¡Hola a todos!
Group A has just completed our first trek, and while our feet are sore and our appetites are bigger than ever, our hearts are full.
Last night in Sucre, we met as a group for a debrief of the trek. There’s a lot on my mind after everything we talked about. Like how when we enter a town, a hoard of outsiders weighed down by backpacks and gear, we are projecting our image and tourism to the people who live there. People, who live off the land, who have always known these mountains. And we, who came here to trek, to “experience the wilderness”, who view these mountains as rarities and vehicles to help find ourselves. What right do we have to be here? What is the effect of our presence?
How do we enter this space in reverence and respect for everything that it is, and for everyone who dwells there?
I don’t know how to feel about it. I feel ashamed by our stuff, by our interruption, by our conspicuousness. But I feel peaceful, too. I’m humbled by mountains of the deepest shades of red, by thunderstorms that surround me on all sides, by curves of craters that frame Maragua, a town we had the gift of passing through. A town where I felt like an outsider, but where I felt joyful, too. Because I heard high and clear voices singing songs I’ll never truly understand. Because Candelaria danced, her velvet purple skirt swinging in circles, and Linuel and Krispín bobbed merrily as they strummed guitars at impossible speeds.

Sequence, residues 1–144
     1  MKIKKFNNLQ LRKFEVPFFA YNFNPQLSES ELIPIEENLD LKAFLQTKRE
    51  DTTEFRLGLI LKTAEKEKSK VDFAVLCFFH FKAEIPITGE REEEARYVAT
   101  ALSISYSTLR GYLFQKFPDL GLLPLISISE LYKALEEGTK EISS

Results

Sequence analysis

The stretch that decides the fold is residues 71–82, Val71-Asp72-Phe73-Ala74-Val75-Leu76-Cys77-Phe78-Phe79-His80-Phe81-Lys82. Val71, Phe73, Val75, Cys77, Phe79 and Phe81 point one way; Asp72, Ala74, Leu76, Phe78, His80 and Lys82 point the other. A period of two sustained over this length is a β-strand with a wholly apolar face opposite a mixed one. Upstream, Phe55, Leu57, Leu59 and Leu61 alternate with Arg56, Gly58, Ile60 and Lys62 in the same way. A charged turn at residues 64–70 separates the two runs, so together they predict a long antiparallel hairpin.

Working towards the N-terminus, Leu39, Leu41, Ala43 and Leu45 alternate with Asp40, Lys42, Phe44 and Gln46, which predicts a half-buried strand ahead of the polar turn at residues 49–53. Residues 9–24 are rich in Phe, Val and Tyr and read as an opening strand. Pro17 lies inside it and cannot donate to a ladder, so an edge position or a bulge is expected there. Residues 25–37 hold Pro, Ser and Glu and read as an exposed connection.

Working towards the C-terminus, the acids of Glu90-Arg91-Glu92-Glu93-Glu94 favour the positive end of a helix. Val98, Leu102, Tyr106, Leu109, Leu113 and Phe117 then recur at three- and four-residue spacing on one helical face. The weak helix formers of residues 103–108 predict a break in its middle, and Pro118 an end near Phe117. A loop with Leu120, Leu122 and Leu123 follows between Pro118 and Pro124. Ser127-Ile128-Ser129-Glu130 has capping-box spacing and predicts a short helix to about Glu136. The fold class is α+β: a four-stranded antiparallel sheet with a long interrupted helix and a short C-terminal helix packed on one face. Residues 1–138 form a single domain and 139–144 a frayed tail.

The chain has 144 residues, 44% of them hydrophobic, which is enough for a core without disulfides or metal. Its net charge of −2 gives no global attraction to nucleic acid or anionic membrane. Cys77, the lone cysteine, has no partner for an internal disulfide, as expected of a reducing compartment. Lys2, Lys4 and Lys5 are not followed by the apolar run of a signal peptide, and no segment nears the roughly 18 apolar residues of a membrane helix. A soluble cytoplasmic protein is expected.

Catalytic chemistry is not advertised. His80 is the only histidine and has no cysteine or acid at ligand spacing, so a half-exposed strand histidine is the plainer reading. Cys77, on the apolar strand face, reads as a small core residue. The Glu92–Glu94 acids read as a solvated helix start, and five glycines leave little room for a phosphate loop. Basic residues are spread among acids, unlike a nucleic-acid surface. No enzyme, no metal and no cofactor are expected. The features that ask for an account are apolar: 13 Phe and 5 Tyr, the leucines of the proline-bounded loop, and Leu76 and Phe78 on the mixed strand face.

Jhasmany says that every mountain has a name to the people who live there. I’m beginning to see that they are not simply giants to admire from a distance. They are a home, and they do not belong to me. I, too, came from dust, but these mountains are not mine.
There’s a lot more to think about, and wisdom found on this trek that I don’t yet understand. But I’m hopeful for the adventures ahead of us, and honored to be here in el país bello de Bolivia.